Components of the Ear
- The ear or pinna
- The ear canal
The ear drum
The three (3) small bones:
- Hammer (malleus)
- Anvil (incus)
- Stirrup (stapes)
- Semicircular Balance Canals
- Auditory nerve
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How We Hear
- Sound waves enter the ear canal and hit the ear drum
- From the ear drum, sound is passed through the three (3) middle ear bones
- The stapes sends the vibration to the fluids inside the cochlea
- The vibration in the fluids make the hair cells move
- The hair cells correspond to the frequency of the original sound waves and initiate electrical signals in their corresponding nerve endings
- The electrical signals are sent to the brain through the auditory nerve
Types of Hearing Loss
Conductive Hearing Loss
- Occurs when sound is not conducted efficiently through the outer and middle ears, including the ear canal, eardrum, and the tiny bones, or ossicles, of the middle ear.
- Usually involves a reduction in sound level, or the ability to hear faint sounds.
- Usually mild or moderate hearing loss
- Can be temporary in some cases
- Can usually be medically or surgically corrected
- Can be caused by obstruction of the ear canal, infections or fluid in the middle ear space, perforations of the ear drum, and the abnormalities of the middle ear hearing bones.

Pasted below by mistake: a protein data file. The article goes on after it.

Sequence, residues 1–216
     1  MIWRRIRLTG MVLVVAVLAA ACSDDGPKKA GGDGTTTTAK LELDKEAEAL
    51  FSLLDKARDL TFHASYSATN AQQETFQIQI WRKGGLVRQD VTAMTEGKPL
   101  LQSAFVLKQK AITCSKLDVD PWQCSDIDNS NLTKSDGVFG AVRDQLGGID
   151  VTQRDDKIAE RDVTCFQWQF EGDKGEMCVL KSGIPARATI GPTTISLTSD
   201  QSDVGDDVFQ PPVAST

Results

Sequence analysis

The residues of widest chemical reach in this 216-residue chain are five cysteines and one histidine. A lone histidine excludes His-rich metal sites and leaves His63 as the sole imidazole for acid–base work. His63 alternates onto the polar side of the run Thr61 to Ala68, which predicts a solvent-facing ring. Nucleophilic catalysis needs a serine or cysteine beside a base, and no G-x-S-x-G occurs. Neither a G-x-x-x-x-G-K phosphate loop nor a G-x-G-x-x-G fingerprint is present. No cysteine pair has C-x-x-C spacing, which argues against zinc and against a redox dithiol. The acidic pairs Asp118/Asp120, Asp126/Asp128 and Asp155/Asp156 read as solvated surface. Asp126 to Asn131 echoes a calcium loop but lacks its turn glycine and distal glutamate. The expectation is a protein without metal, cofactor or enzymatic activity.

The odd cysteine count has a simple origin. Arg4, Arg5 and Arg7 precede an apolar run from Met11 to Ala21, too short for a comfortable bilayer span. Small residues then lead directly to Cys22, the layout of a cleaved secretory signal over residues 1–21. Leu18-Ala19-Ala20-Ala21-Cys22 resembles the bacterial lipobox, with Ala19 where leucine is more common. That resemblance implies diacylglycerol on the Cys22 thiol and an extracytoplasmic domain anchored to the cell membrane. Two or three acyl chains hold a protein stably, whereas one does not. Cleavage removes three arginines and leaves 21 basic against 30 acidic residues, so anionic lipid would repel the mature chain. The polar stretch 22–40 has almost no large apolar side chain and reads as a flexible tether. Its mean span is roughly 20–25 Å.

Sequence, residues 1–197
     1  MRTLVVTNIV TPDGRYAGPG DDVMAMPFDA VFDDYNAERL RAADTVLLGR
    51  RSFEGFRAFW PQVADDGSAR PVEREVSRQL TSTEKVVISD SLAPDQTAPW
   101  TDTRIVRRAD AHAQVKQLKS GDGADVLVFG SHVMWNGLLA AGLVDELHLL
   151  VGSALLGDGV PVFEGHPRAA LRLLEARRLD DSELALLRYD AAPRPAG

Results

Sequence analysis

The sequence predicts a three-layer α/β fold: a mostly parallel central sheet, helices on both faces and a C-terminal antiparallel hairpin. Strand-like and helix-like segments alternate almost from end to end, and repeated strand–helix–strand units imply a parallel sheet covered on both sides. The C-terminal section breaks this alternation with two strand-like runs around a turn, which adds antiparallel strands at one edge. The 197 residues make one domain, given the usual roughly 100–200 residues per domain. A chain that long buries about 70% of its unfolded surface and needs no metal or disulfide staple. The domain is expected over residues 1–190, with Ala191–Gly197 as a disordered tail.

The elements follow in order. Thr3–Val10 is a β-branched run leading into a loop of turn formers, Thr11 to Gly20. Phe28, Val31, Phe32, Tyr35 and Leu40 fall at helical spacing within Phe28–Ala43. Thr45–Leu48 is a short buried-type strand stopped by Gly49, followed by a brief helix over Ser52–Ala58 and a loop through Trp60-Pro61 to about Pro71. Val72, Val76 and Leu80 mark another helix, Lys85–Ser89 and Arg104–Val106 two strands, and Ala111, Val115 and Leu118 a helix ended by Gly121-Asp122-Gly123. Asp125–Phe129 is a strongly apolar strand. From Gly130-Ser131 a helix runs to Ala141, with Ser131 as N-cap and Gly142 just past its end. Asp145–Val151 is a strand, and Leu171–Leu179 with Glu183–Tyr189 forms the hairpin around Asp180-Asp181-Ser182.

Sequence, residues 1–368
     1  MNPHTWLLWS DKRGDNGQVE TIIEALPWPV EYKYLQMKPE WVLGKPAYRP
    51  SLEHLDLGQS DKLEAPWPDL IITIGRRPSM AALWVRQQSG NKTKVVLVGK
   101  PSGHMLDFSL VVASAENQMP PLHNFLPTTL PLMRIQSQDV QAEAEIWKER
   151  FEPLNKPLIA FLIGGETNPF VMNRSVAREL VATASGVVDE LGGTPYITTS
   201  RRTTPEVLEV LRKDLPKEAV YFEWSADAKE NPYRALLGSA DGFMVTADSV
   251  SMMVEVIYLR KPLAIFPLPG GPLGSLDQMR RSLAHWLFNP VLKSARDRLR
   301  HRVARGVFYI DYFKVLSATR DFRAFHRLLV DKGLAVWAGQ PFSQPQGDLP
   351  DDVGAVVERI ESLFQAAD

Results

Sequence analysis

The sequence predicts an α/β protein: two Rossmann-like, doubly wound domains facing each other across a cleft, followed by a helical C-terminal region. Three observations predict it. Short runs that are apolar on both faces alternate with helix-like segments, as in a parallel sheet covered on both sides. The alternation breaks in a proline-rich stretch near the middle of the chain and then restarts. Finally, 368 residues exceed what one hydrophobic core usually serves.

Sensorineural Hearing Loss
- Occurs when there is damage to the inner ear (cochlea) or to the nerve pathways from the inner ear to the brain
- Involves a reduction in sound level, or ability to hear faint sounds and affects the ability to understand speech or hear clearly
- Can be caused by diseases, birth injury, drugs that are toxic to the auditory system, and genetic syndromes
- May also occur as a result of noise exposure, viruses, head trauma, aging, and tumors
- May be mild, moderate, severe, profound or total hearing loss
- Cannot be corrected medically or surgically. It is a permanent loss
- Treatment includes hearing aids or a cochlear implant
Auditory neuropathy is not a type of hearing loss but a dysfunction in the hearing system in which the auditory nerves do not respond to sound in a coordinated fashion.
Symptoms seen in auditory neuropathy include the following:
- Hearing test suggests a mild to moderate hearing loss
- Absent acoustic reflexes
- Absent or severely abnormal auditory brainstem responses
- Word recognition ability poorer than expected for the amount of pure tone hearing loss
- However, a major distinguishing feature is that in these patients otoacoustic emissions are present suggesting near normal cochlea function.
In auditory neuropathy the cochlea hair cells are responding to sound, but the auditory nerve does not transmit the signals to the brain in a coordinated, useful fashion. Since the cochlea is working in these patients a hearing aid is not appropriate since the ear does not need more volume of sound. In severe cases of auditory neuropathy a cochlear implant can be effective in synchronizing the auditory signal.